It’s easy to spend your time and energy thinking about how great the future of the company will be. It’s fun to think about where the product can go. I’m guilty of this. Some of it is necessary, but if it holds all of your focus, you’re going to get punched right in the face; you’ll never see it coming.

Time and energy are finite resources; they run out, at some point. Knowing that the fight is long, you need to choose how you spend these resources very carefully. Founders get burnt out all the time; it’s happened to me, and it has probably happened to you. Unlike boxing, there is no “end” to building a company, so you need to figure out a sustainable work ethic that works for you. In other words, you need to pace yourself.

Technique is Developed Over Time

Let me start out by saying that nobody really knows what they’re doing; we’re all just figuring it out as we go. That said, experience does help. A lot. There are no shortcuts to developing great technique or skill; these things take time.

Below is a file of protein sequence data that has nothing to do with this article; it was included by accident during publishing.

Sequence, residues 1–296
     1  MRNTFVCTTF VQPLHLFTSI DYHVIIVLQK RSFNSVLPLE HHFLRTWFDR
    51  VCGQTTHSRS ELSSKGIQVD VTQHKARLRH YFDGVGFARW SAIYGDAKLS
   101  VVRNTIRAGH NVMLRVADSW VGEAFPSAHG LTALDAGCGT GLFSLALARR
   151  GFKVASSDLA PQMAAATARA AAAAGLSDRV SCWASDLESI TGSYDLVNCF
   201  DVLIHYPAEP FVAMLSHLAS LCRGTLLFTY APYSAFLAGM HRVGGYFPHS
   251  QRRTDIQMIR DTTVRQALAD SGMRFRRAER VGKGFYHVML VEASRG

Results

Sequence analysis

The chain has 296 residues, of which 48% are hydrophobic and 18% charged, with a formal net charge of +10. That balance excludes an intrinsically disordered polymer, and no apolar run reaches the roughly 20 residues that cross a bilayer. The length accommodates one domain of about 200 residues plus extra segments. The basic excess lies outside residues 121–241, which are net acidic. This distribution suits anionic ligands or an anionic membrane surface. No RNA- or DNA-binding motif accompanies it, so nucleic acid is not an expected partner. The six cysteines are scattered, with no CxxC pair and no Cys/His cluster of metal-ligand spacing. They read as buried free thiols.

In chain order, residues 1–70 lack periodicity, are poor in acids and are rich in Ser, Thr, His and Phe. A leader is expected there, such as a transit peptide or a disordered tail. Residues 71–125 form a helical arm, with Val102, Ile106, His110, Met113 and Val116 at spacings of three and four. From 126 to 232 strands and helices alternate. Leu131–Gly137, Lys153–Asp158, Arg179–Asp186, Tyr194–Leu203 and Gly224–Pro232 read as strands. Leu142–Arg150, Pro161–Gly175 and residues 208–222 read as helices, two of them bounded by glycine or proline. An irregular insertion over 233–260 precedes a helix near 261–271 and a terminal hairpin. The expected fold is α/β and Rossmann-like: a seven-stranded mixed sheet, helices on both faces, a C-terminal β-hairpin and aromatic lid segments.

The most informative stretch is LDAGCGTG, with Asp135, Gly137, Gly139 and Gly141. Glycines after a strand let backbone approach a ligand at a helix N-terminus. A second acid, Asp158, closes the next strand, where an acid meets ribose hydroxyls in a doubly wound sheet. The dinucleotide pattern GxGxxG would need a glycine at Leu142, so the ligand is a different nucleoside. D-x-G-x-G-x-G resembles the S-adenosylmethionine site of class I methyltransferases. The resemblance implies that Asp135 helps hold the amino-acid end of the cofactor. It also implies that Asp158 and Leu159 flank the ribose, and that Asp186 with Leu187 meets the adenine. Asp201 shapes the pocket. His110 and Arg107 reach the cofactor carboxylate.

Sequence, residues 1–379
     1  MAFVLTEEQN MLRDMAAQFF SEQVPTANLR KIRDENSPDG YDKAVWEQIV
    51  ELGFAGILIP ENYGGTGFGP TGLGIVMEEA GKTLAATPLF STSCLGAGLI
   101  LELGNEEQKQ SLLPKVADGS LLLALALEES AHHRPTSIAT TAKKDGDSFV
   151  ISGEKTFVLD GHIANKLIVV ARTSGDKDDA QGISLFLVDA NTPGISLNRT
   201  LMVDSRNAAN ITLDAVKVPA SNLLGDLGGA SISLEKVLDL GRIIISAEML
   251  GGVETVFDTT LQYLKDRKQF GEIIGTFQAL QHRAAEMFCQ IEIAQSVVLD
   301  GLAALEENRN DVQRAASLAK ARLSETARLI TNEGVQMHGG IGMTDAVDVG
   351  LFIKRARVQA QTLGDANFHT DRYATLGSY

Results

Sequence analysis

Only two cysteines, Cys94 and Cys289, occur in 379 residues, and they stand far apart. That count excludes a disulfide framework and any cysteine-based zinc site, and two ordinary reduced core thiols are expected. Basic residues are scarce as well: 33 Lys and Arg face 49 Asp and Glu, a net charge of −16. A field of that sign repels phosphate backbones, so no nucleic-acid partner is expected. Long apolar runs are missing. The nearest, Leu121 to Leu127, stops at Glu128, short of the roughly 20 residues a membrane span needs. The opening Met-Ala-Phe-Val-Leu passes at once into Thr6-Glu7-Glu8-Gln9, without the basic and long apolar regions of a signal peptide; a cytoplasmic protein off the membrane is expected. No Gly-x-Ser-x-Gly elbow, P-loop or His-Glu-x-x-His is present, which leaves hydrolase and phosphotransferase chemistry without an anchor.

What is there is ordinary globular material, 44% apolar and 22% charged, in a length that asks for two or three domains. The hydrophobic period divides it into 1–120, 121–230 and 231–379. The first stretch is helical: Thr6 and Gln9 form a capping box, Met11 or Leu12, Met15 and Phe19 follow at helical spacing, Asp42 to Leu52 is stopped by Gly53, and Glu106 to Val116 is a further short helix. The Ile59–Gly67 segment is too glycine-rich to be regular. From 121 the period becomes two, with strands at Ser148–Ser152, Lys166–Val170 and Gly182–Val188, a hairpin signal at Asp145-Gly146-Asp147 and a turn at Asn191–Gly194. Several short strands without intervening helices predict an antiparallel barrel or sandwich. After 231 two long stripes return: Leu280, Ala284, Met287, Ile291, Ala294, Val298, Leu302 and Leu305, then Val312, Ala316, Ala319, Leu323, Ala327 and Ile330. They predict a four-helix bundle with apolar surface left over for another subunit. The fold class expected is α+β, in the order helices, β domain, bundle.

When you start building a business for the first time, you have no experience, no skill, and no technique (other than what came naturally). Take relief in that fact that everybody starts here. We can all become better at what we do by experiencing failures, by practicing, by studying others. Just like a great fighter: you can watch your competitors, you can get mentors, advisors, and coaches, you can read books, but you won’t actually gain experience until you get out there and try.

One way to speed up the development of your technique is by running constant experiments. Every business is different just like every fighter is different. We all have our own unique twists. It’s your job to figure out what works for you and what doesn’t. Most of the time, thought-leaders and other founders will give advice based on their own experience; this is all fine, and it may be great advice, but it will most likely not play out the same way for you.

Your Strategy Will Constantly Change

Strategy is your plan of action, and it can be the defining factor between two equally skilled fighters, or business competitors. When a fight starts, you go in 100% with your strategy… that’s all you can do, but some things won’t work. The competitors (or the market) will react positively to some parts and negatively to other parts. You have to constantly update and optimize your strategy, even during the fight.

After each fight, you have the opportunity to review your strategy and make improvements. Think of this like a post-mortem in business. A strategy is essentially a series of hypotheses, a bunch of guesses. Some will be right, some will be wrong. You should double down on what works and not lose sleep over what doesn’t.